Sunday, December 24, 2006

Number Five: Eglantine Gouzy "Boamaster"

While my P.C. gently weeps.

I was a bit cruel about Eglantine Gouzy’s contribution to Monika’s “ Four Women No Cry” compilation on the old musical bear site a while ago,(now archived here: suggesting that she was over-influenced by Bjork (who I’ve never been able to bring myself to enjoy despite her obvious etc, etc) and Laurie Anderson (who I love.) She seemed a bit determinedly pigtailed and knock-kneed, a bit too intent on playing the boring Art-chick game of wilful kookiness and mildly hysterical hauteur,(laughs raucously, picks at already badly bitten fingernails, suddenly begins to dance violently then collapses pouting in a chair. See how she is driven by her strange artistic drives which we will never grasp! See how she is special and exempt from the normal rules that govern interaction, such as politeness and coherence! She is too wild and free to tolerate us. And yet we must respect her sprite-like and elfin, creaturely Otherness for the gifts of her art that it imparts to us ! Give me a break, Jesus Christ, I…………sorry where was I…. ahh, yes… Eglantine.)

So while no-one is going to suggest that Bjork Shriekersdotter and Laurie Anderson are not the spirits which preside, (nay loom!) over Eglantine’s work, my initial dismissal of her was frankly just wrong, "Boamaster" is an amazing, unimpeachable album, intensely visual, a veritable act of conjuration, the bringing into being of an enchanted space. If Joanna Noisesome’s “Ys” immediately summons up some kind of “Song of the South” cartoon rootsiness then "Boamaster’s" universe is clean, crisp and cosmic, one of those Hi-Tek chambers in which the deep space voyager wanders through crystalline, artificial gardens, a huge, mutable, ornate room, some hybrid of a planetarium, solarium and aquarium, in which the songs themselves hang suspended. A series of precise miniatures in effect, (only one track is over three minutes) as lucent and crisply colourful as a set of stained glass mobiles over the surfaces of which their ever shifting surroundings weave and warp, refracted back at the dazzled onlooker, and through which La Gouzy wanders, singing sometimes in French, sometimes in English, sometimes quietly sitting back and listening.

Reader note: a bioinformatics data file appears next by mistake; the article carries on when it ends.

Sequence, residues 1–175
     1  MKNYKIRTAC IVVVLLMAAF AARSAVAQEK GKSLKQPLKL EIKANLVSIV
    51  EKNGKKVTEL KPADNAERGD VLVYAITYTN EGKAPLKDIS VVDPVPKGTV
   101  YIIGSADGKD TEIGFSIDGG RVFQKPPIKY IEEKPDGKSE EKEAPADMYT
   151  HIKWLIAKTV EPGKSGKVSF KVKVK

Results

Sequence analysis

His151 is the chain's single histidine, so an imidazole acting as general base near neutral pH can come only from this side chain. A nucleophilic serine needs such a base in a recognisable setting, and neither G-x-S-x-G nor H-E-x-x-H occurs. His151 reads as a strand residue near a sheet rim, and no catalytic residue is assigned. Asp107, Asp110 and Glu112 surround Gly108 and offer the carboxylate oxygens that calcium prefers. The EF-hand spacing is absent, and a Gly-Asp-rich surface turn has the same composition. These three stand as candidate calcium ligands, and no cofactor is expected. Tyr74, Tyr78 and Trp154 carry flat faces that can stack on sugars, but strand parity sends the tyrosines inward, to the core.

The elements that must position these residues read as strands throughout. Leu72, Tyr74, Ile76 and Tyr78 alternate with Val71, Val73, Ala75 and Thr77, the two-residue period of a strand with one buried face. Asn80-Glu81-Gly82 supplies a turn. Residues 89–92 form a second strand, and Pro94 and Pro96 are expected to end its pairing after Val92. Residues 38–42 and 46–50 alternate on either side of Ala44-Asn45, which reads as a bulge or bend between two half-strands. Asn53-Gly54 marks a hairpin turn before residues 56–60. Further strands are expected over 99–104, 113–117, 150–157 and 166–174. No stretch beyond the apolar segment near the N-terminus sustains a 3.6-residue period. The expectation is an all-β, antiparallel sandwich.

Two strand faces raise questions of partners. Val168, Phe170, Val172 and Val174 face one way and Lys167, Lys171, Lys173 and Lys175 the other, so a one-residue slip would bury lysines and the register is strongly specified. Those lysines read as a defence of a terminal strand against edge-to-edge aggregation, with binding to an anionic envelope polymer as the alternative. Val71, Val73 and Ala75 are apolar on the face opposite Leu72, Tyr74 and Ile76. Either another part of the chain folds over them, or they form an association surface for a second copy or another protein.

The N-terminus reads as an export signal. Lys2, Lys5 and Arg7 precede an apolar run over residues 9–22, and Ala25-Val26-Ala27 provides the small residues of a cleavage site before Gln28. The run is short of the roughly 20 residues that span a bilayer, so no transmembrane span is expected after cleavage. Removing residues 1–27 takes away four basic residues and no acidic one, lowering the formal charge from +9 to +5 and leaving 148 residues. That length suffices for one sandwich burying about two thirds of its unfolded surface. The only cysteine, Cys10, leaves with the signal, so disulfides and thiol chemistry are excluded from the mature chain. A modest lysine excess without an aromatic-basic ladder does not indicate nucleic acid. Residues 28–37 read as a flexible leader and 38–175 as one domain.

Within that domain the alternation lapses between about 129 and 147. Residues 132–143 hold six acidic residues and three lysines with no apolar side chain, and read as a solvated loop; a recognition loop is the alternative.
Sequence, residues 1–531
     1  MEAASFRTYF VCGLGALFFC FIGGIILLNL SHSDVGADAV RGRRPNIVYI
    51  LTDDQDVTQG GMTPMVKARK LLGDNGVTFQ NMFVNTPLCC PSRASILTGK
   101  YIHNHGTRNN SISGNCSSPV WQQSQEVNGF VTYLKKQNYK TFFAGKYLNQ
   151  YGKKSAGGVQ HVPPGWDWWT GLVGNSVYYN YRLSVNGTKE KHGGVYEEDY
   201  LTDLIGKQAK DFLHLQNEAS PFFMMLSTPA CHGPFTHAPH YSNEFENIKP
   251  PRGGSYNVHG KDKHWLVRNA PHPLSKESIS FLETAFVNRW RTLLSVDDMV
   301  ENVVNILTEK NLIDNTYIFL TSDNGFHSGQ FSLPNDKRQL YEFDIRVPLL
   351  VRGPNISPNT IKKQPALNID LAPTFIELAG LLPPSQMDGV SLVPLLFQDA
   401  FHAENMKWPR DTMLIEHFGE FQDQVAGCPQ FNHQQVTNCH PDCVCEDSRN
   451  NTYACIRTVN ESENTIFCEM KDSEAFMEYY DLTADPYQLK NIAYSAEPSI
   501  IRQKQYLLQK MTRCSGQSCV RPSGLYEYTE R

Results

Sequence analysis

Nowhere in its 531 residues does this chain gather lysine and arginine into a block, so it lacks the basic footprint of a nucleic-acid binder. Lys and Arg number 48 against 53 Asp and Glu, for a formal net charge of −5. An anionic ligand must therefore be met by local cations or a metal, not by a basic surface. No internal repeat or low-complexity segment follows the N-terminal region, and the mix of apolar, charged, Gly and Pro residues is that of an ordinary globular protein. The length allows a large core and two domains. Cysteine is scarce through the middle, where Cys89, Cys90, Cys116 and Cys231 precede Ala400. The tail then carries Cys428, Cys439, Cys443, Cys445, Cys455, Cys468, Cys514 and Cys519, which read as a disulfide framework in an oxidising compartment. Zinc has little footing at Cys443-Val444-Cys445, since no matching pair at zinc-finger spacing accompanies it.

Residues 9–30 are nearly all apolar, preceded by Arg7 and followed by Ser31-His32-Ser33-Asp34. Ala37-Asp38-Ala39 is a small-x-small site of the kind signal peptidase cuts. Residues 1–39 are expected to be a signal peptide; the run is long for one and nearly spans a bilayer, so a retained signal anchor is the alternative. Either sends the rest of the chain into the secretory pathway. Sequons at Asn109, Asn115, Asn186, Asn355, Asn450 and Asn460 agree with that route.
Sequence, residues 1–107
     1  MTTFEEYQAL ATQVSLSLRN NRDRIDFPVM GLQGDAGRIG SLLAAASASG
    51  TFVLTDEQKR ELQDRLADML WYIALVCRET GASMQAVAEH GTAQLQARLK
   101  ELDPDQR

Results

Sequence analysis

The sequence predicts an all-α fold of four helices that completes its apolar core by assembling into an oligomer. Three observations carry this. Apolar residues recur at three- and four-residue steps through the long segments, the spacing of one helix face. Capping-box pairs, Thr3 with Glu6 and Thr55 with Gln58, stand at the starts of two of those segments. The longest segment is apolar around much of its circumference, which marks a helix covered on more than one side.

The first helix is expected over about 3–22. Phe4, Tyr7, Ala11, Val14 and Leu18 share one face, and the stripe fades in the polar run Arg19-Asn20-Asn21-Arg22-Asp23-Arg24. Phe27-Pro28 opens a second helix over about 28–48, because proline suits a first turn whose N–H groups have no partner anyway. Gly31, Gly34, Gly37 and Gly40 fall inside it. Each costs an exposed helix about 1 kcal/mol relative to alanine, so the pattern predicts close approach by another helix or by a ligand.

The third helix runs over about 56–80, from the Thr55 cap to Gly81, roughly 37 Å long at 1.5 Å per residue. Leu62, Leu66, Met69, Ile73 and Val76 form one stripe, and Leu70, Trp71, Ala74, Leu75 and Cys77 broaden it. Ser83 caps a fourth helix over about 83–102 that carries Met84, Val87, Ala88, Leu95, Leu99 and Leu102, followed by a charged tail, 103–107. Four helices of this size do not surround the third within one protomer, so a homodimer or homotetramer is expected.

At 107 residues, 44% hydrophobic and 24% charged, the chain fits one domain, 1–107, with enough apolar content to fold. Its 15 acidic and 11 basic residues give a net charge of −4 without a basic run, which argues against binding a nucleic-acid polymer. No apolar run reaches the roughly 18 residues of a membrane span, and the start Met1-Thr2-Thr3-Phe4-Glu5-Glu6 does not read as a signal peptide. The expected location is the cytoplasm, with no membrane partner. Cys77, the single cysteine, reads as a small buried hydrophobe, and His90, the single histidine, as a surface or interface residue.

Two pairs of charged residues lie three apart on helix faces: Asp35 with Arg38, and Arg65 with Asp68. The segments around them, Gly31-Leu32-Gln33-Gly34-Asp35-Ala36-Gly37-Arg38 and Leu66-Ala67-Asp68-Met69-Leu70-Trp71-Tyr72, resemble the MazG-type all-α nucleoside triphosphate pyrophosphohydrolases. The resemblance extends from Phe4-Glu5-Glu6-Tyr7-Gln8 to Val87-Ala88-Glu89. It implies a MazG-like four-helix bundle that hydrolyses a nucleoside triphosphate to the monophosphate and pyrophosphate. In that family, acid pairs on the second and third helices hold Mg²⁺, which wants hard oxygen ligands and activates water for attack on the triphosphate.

The record even starts, on “Eglantine Longe” with what sounds like an anouncement for all passengers to board, a sawing, cello-like tone, some skittery rhythmic tics and Eglantine's multi-tracked voice summoning us to depart. In “Cowboy” the chiming guitar serenade is slowly threaded through with bright, wisps of keyboard drone, “Strada” sounds like a hurdy-gurdy starting up in the middle of an aviary, in the rain. “Zone A” with its muted orchestral sample and gently ascending vocals is orbited by a long synth-pulse, the tail of a comet streaking past and sending waves of phosphorescent dust rippling through the track, “Come back” really is the sound of a computer crying into its beer at the bar in a Venusian zoo, and by the time we get to “ Pygmy,” a mere thirty minutes or so on from where we started out we find Eglantine swinging in a hammock and listening to two virtual birds of paradise going through an elaborate courtship ritual in the branches above her head.

The reference points are few and far between really. Laurie Anderson’s “United States” certainly, certainly the machine-melancholy of Kraftwerk circa “Radioactivity” or the urban-pastoralism of “Neon Lights,” but mostly it reminds me of certain movies, Hal’s final moments in "2001", Douglas Trumbell’s magnificent “Silent Running.” Either way it’s an amazing record, up there with (yeah, that’s right I am lumping them together for no better reason than that they’re both women) Juana Molina’s “Son.” Certainly ahead of Joanna Gruesome’s effort. Destined to sell about ten copies.

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